Saffo: We make sure they have a support network and ensure that the victim-witness coordinator is available for them. However, we don’t want to presume that we are going to be the best support person for them, whether the verdict is guilty or not guilty, or in the case of a hung jury. So, it’s being there but not presuming that we are going to be the right resource.

……………………………………………………………………………………………..

There was much more to talk about, but Attorney Saffo had a busy day ahead of her. The work she and so many others in law enforcement are doing to make the justice system more effective in rape cases was evident in our conversation.

This might be one reason why we are hearing powerful statements from victims who may feel the support of the system behind them. Recently, in a New Hampshire courtroom, a teen victim faced the man who admitted to kidnapping and sexually assaulting her over a period of nine months before she managed to escape. Her courageous statement included these words:

“I want you to know that I did not do this to you,” she said. “I didn’t put you in prison. You put yourself in prison.”


amy vAmy Vorenberg is a Research and Evaluation Consultant at Prevention Innovations Research Center, and the Director of the Legal Writing Program at the University of New Hampshire Law School. She began her legal career in New York as a Manhattan Assistant District Attorney. Later she worked as an Assistant Attorney General in New Hampshire. She moved to the NH Public Defender’s office in 1993 during which time she started the criminal clinic at the University of New Hampshire School of Law (then Franklin Pierce). She served for ten years on the New Hampshire Adult Parole Board. Amy started teaching Legal Analysis and Writing in 1998. She has also taught Criminal Law. Amy’s research and scholarship focus is legal writing, juvenile and criminal law. She is currently working on a three-volume legal writing practice-based textbook, “Preparing for Practice: Legal Analysis and Writing in Law School’s First Year” (working title). She has written editorials and spoken out on campus sexual assault.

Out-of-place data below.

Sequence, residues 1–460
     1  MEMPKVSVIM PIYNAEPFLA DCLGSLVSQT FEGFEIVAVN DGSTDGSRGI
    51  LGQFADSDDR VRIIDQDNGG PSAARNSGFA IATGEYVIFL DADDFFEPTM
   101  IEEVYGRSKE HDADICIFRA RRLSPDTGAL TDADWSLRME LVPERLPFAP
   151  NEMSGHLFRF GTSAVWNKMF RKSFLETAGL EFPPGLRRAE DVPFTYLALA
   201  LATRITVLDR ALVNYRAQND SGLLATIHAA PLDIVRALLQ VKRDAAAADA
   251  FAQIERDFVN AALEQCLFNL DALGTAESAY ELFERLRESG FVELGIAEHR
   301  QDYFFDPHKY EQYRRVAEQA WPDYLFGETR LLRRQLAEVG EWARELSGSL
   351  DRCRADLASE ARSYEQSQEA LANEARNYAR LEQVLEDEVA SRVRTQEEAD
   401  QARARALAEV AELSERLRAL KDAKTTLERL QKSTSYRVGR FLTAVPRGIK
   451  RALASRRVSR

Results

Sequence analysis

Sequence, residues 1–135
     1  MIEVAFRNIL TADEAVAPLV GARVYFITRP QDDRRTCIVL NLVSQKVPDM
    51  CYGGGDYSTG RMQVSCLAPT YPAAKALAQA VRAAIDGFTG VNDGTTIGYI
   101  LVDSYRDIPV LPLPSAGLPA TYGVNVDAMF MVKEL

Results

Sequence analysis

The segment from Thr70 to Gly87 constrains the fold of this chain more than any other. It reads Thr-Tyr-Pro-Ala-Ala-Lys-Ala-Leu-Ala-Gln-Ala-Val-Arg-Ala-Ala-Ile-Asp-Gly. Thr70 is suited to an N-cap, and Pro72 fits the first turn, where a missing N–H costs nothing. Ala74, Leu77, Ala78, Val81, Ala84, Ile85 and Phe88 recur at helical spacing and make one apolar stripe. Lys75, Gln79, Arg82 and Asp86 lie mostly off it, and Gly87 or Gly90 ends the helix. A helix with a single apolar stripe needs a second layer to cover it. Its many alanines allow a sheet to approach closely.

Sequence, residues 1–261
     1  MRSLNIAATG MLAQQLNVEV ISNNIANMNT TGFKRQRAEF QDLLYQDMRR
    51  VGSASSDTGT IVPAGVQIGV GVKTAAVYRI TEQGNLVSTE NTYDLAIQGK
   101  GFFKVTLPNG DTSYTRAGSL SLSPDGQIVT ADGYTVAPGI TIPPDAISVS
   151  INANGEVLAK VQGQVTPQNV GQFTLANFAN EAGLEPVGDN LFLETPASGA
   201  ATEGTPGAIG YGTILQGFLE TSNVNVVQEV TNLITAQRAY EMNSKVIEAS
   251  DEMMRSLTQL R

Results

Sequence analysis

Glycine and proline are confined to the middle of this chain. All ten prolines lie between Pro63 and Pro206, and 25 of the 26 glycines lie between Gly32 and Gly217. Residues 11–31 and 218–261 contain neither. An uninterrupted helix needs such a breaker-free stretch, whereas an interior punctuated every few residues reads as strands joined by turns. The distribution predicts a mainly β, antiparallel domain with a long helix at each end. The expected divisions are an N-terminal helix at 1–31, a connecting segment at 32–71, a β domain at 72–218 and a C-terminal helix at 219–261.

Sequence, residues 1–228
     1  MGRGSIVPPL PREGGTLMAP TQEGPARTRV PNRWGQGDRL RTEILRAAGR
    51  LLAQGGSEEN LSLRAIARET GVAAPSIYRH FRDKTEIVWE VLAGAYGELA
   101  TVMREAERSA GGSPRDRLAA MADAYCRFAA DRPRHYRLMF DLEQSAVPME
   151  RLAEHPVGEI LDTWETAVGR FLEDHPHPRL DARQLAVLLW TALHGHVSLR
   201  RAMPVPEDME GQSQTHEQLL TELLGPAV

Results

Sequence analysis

Lara SaffoLara J. Saffo, JD is the County Attorney in Grafton County, New Hampshire.  She has prosecuted hundreds of cases involving all types of crimes, and has specialized in sexual assault and domestic violence cases, as well as alternative sentencing solutions, such as drug court, mental health court, veteran’s courts and juvenile diversion/restorative justice. She graduated from Vanderbilt University School of Law in Nashville Tennessee in 1992.  She began her career as a prosecutor in 1993, as an Assistant County Attorney and district court prosecutor.  Attorney Saffo then became an associate, civil attorney at Van Dorn & Curtis, PLLC in Orford New Hampshire.  She returned to prosecution in 2004.  From that time, until she became county attorney in 2009, she was the Violence Against Women Act (VAWA) prosecutor at the Office of the Grafton County Attorney. She currently serves as an advisory board member for the Grafton and Sullivan County Child Advocacy Center at DHMC, involved in initiates to expand Sexual Assault Resource Teams in Grafton County, the prosecution representative on the state-wide committee for Justice Involved Veterans, a member of the protocol review committees for the Adult Sexual Assault Protocols and Human Trafficking Protocols, a member of the NH Attorney General’s Commission to Combat Human Trafficking and an adjunct professor at Plymouth State University and White Mountain Community College.

Gender Essentialism, Engaging Men in Sexual Assault Awareness, & Walk a Mile in Her Shoes®

By LB Klein, Jen Przewoznik & Jeff Segal

*This post first appeared on Stop Street Harassment.*

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Every April, men all over the country stumble through public parks in high heels to raise awareness for the gender-based violence movement for Sexual Assault Awareness Month (SAAM). Walk a Mile in Her Shoes has been a staple of SAAM programming since 2001, and has been praised for engaging tens of thousands of men in conversations on gender, power, and sexual assault in an accessible and fun way. Men have embraced Walk a Mile in Her Shoes®—it’s very often the SAAM event with the most men in attendance, and its popularity has raised necessary funds for rape crisis centers and other national and international anti-violence organizations. However, many activists and organizers have begun to voice serious concerns over the popular event.